No recreational cannabis business permits until 2023, NY regulator says

Just Released! Get realistic market forecasts, state-by-state insights and benchmarks with the new 2024 MJBiz Factbook member program, now with quarterly updates. Make informed decisions.

The recreational cannabis market in New York won’t get off the ground for at least another 18 months, meaning the program won’t launch until mid-2023, the state’s top marijuana regulator said.

According to Rochester-based City News, New York Cannabis Control Board Chair Tremaine Wright disclosed last week she doesn’t expect the agency to finish crafting regulations or begin issuing business licenses for an additional year and a half.

Wright added it could be longer until adult-use businesses are operational, that her estimate is only the timeline for when the board will be finished writing industry policy.

“What we do control is getting (cannabis retailers) licensing and giving them all the tools so they can work within our systems,” Wright said told City News.

“That’s what we are saying will be achieved in 18 months. Not that they’re open, not that they’ll be full-blown operations, because we don’t know that.”

The news is likely a disappointment to many in the industry, since the state law signed earlier this year legalizing adult-use sales had pinpointed the launch could happen as soon as April 2022.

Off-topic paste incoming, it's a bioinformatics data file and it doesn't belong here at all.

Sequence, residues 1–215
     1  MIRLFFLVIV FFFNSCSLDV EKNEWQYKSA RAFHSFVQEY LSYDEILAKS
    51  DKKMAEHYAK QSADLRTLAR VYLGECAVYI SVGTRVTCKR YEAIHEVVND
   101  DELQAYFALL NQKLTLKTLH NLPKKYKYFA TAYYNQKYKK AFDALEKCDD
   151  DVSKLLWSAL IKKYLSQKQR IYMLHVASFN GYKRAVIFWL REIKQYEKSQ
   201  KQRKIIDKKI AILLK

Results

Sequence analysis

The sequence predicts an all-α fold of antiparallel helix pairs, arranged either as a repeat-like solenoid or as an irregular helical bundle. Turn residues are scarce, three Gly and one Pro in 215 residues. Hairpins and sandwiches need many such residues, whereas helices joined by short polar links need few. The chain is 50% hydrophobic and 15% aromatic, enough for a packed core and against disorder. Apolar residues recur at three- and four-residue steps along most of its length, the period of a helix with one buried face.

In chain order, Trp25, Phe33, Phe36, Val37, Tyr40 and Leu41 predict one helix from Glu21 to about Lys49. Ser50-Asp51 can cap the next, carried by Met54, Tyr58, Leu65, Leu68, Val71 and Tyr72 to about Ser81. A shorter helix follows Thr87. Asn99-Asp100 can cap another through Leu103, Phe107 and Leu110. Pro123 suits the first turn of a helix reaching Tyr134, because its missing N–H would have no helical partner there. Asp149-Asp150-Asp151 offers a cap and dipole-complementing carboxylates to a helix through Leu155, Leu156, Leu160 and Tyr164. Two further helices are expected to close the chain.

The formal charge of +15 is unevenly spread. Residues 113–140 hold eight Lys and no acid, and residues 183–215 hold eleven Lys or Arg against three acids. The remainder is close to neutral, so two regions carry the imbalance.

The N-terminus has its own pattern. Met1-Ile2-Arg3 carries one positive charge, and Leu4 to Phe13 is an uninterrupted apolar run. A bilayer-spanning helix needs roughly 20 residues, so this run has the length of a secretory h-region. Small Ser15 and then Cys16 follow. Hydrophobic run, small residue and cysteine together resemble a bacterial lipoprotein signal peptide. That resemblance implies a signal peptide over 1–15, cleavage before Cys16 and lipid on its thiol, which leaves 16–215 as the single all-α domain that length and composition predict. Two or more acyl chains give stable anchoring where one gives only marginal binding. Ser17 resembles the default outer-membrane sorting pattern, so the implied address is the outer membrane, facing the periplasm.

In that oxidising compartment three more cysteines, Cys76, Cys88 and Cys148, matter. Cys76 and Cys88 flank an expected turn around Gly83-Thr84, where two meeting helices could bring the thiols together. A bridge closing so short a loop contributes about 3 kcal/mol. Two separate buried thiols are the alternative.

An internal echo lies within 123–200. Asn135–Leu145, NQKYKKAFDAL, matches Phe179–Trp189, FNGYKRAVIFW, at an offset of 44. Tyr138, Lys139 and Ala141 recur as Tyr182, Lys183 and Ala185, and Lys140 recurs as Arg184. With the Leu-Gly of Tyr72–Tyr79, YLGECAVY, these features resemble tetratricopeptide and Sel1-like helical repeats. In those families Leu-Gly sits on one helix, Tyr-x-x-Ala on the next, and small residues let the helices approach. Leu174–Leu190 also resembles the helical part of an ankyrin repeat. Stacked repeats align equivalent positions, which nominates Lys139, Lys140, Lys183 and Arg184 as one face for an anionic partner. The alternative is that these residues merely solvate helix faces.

Stay informed with MJBiz Newsletters

MJBiz’s family of newsletters gives cannabis professionals an edge in this rapidly changing industry.

Featured newsletters:
  • MJBizDaily: Business news for cannabis leaders in your inbox each morning
  • MJBiz Cultivator: Insights for wholesale cannabis growers & vertically integrated businesses
  • MJBizCon Buzz: Behind-the-scenes buzz on everything MJBizCon
  • MJBiz Retail + Brand: New products, trends and news for cannabis retailers, distributors and marketers
  • Hemp Industry Week: Roundup of news from hemp farming to CBD product manufacturing
  • And more!


But the Cannabis Control Board itself wasn’t finalized until September, leaving the members with a heap of policy work in front of them.

In the meantime, a so-called “gifting” market has sprung up in New York where entrepreneurs sell highly marked-up items such as T-shirts or lighters to customers, who, in turn, receive marijuana as a gift.

That’s a practice Wright pledged to crack down on, telling City News that businesses that engage in such commerce will be subject to “severe financial penalties.”